During one of my several visits to our new home before we moved, the previous owner offered to leave us some things that wouldn’t fit into her new apartment, including a two-meter tall Yucca plant. I didn’t really care for its looks, but what the heck – it was certainly thriving. When it actually came time to move, she told me that this plant had been taken away by her (soon-to-be-ex) husband as it actually belonged to his mother, but she had a smaller version that she would leave me instead. The smaller one, only about three feet tall, was sitting in the front yard in a pot. I noticed that the neighbors also had one, planted in their yard.
Then we found out that these neighbors, too, are separating and on the road to divorce. “La chiamano la pianta della felicita’, ma dicono che porta sfiga,” remarked Enrico. [“It’s called the plant of happiness, but they say it brings bad luck.”] Given the plant’s track record – 50% of the couples in this small complex divorcing! – we decided not to take any chances. I thought a ritual dismemberment or burning of the plant would be appropriate, but Enrico felt that would be going too far. So one day he took the plant out in the car and left it in front of someone’s house in a nearby town (thereby leaving the bad luck with them, we assume!).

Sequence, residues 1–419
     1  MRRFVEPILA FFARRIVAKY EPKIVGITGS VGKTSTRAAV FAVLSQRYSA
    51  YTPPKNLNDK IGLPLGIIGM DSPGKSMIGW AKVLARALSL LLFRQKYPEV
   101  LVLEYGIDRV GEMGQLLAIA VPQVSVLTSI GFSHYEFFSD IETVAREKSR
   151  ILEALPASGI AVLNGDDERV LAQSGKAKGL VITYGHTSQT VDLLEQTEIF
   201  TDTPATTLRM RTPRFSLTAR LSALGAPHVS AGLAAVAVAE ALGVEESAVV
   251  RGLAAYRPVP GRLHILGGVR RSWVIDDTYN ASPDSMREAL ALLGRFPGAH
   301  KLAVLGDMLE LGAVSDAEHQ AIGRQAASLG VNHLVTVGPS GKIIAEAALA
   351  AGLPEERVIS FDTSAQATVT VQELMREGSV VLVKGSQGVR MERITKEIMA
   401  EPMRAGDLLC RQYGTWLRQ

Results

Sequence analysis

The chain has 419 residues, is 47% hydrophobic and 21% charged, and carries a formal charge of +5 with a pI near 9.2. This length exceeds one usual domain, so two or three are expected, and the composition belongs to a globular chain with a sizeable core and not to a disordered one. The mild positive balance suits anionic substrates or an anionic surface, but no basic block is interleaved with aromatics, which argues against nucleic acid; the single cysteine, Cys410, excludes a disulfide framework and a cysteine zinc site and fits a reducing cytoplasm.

The following week, two friends of ours died in completely unrelated incidents in different parts of Italy (one in a car accident, one of aneurysm). We concluded that we had either got rid of the plant just in time, or had not got rid of it fast enough. I still think we should have burned it.
Mike Richter says: “The yucca has an attribute you overlooked. Those ummm ‘startling’ spines are the ‘cactus needles’ some used to play 78s back in ancient times. I had a three-meter yucca beside my front porch (until it threatened to replace the porch) and still have some of its needles in my Grafonola. I hasten to add that they are not used in place of steel or plastic ones; they tend to leave resin behind in the groove.”